William P. Van Ness

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William P. Van Ness
William P. Van Ness.jpg
Judge of the United States District Court for the District of New York
In office
May 25, 1812 – April 9, 1814
Appointed by James Madison
Preceded by New seat
Succeeded by Seat abolished
Judge of the United States District Court for the Southern District of New York
In office
April 9, 1814 – September 6, 1826
Appointed by James Madison
Preceded by New seat
Succeeded by Samuel Rossiter Betts
Personal details
Born (1778-02-13)February 13, 1778
Ghent, New York
Died September 6, 1826(1826-09-06) (aged 48)
New York City, New York
Political party Democratic-Republican
Spouse(s) Anne McEvers
(m. 1800; his death 1826)
Children 5
Relatives John Peter Van Ness (brother)
Cornelius Van Ness (brother)
James Van Ness (nephew)
Alma mater Washington Seminary
Columbia College
Profession Attorney

William Peter Van Ness (February 13, 1778 – September 6, 1826) was a United States federal judge[1] who is best known today for serving as Aaron Burr's second in Burr's duel with Alexander Hamilton.[2]

Early life

William P. Van Ness was born in Ghent, New York to Judge Peter Van Ness (1734-1804), a wealthy lawyer and farmer who owned the property in Kinderhook on which William Van Ness constructed a mansion in 1797.[3] Martin Van Buren later purchased the home and land and renamed the estate Lindenwald. Peter Van Ness is buried on the Lindenwald estate.[4] Van Ness's brothers included U.S. Representative and Washington, D.C. mayor John Peter Van Ness[5] and Vermont governor Cornelius P. Van Ness.[6]

Van Ness attended Washington Seminary[7] and graduated from Columbia College in 1797.[8] After graduating, Van Ness read law in the office of Edward Livingston, attaining admission to the bar in 1800.[9][10]

Early career

William Peter Van Ness, 1807 engraving by Charles Saint-Mémin

Van Ness practiced law in New York City, Albany, and Hudson from 1800 to 1812.[11] Martin Van Buren completed his legal studies in Van Ness's office in 1802 and became an attorney in Columbia County, New York.[12] Van Ness, a close friend of Aaron Burr, was an active participant in the 1800 presidential campaign as a vocal supporter of the Democratic-Republican candidates, Burr for Vice President and Thomas Jefferson for President.[13] As a leading Republican, Van Ness secretly supported the Federalist plan to elect Burr as president. Burr and Jefferson had tied in the electoral college, and the Constitution move the election to the House. Federalists there wanted to defeat their great enemy Jefferson by electing Burr, and Van Ness was helping them out. The plan failed--Hamilton helped foil it. Jefferson was elected president, and Burr vice president.[14]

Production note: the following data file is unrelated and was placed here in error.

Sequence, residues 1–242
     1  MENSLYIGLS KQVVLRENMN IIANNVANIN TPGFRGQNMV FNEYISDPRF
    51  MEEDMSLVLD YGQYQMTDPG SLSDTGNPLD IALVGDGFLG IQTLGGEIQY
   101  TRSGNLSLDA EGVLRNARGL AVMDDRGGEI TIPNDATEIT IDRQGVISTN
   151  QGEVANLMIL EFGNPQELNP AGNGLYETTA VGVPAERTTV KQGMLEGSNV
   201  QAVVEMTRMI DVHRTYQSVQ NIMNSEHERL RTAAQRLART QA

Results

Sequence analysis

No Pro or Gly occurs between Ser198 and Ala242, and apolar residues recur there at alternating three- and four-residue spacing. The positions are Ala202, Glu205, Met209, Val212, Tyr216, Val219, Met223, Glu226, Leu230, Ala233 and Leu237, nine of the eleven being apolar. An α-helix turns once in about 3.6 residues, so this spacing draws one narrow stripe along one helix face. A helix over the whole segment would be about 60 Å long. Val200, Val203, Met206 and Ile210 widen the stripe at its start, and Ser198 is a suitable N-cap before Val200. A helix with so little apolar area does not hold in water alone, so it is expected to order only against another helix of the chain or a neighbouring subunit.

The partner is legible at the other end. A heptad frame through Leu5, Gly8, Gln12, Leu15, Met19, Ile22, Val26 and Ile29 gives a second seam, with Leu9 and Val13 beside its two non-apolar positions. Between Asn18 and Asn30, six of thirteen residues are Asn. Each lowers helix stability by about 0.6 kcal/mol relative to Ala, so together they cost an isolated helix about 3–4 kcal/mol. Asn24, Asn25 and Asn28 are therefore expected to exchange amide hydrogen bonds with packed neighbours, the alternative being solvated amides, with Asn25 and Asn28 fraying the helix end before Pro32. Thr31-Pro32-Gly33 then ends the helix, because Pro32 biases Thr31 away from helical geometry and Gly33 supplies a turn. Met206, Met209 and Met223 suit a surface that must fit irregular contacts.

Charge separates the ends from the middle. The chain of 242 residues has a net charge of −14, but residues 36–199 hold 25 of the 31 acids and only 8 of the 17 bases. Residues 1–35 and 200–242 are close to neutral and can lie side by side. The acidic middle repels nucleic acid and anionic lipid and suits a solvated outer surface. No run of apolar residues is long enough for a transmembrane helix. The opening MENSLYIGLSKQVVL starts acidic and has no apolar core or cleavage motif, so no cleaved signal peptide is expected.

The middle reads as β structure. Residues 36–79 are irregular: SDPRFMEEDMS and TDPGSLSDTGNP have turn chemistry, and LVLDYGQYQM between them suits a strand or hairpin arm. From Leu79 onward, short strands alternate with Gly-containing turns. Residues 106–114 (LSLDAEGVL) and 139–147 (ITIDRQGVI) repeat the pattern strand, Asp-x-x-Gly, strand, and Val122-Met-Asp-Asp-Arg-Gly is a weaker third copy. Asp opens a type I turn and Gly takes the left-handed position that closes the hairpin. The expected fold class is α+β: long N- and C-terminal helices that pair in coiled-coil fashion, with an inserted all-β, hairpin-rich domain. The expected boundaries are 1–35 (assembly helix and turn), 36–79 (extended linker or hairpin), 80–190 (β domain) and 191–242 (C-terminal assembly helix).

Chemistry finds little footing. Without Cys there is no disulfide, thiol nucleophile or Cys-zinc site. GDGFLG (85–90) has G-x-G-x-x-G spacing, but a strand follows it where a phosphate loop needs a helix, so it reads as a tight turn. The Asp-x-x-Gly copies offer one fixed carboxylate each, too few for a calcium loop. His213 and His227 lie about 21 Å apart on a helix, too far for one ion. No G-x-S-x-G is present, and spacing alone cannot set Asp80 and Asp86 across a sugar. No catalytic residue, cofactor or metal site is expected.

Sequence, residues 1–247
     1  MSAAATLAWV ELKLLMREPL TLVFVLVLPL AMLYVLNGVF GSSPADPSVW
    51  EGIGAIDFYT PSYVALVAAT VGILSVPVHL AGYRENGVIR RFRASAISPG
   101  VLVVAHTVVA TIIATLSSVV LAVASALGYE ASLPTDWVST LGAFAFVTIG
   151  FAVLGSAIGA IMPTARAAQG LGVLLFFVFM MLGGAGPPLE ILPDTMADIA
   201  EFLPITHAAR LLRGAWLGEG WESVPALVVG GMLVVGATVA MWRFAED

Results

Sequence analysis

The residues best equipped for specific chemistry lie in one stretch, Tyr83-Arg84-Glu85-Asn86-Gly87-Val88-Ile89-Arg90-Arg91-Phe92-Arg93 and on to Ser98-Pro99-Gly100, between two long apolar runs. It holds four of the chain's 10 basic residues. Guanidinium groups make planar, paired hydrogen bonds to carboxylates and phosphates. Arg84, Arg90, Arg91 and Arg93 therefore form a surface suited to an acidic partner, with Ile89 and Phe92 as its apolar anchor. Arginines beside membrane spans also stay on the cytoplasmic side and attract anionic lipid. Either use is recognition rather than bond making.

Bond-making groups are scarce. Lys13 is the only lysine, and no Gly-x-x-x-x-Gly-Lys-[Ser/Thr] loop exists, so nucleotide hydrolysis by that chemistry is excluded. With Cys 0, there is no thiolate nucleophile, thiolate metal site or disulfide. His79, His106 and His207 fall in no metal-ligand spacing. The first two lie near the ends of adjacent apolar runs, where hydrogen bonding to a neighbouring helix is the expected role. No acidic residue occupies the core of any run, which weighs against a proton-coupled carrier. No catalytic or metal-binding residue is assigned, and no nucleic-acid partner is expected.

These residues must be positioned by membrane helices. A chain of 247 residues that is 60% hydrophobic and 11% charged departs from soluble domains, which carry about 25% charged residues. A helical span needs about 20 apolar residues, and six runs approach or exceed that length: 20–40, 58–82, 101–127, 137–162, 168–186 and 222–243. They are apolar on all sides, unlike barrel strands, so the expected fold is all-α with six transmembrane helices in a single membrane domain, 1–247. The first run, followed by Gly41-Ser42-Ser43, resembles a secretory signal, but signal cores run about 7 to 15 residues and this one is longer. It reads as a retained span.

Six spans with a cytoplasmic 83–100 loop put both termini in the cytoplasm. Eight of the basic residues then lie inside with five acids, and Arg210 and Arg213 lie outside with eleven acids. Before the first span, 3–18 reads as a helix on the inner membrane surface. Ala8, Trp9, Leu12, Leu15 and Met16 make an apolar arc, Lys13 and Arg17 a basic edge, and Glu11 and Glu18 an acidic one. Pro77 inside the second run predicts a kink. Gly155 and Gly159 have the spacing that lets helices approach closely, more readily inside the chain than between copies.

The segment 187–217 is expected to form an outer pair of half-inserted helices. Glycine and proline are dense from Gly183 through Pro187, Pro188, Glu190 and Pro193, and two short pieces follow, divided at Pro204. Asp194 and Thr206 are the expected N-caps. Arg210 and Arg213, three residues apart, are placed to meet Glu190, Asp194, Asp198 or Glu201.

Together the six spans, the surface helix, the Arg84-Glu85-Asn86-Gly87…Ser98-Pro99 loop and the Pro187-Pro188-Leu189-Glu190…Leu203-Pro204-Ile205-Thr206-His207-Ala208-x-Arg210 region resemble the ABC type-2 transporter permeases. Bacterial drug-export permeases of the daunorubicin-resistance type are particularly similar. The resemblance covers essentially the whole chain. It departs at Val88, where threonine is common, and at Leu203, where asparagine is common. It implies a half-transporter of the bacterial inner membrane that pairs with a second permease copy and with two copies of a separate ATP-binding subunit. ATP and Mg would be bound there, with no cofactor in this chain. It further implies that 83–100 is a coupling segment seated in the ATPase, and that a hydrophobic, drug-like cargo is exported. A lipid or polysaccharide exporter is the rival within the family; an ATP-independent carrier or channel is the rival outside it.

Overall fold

In 1801, Van Ness served as a delegate to the New York Constitutional Convention, which was called to amend the state constitution of 1777.[15]

In July 1804, Van Ness served as Aaron Burr's second in Burr's duel with Alexander Hamilton. He and Hamilton's second, Nathaniel Pendleton loaded the pistols, and were present when Burr fatally shot Hamilton.[16]

Judicial career

On May 25, 1812, President James Madison nominated Van Ness to a new seat on the United States District Court for the District of New York. He was confirmed by the United States Senate on May 26, 1812, and received his commission on May 27, 1812. On April 9, 1814, he was reassigned by operation of law to the newly subdivided United States District Court for the Southern District of New York.[17]

In 1818 Congress appointed a special committee to look into the official conduct of Van Ness and his judicial colleague, Matthias B. Tallmadge, who apparently did not work well together. The committee investigated and recommended that no action be taken against Van Ness or Tallmadge.

Career as an author

Van Ness was the author of several political and judicial works, including: Examination of Charges against Aaron Burr (1803); The Laws of New York, with Notes, (with John Woodworth), (2 vols. 1813); Reports of Two Cases in the Prize Court for New York District (1814); and Concise Narrative of Gen. Jackson's First Invasion of Florida (1826).[18]

Personal life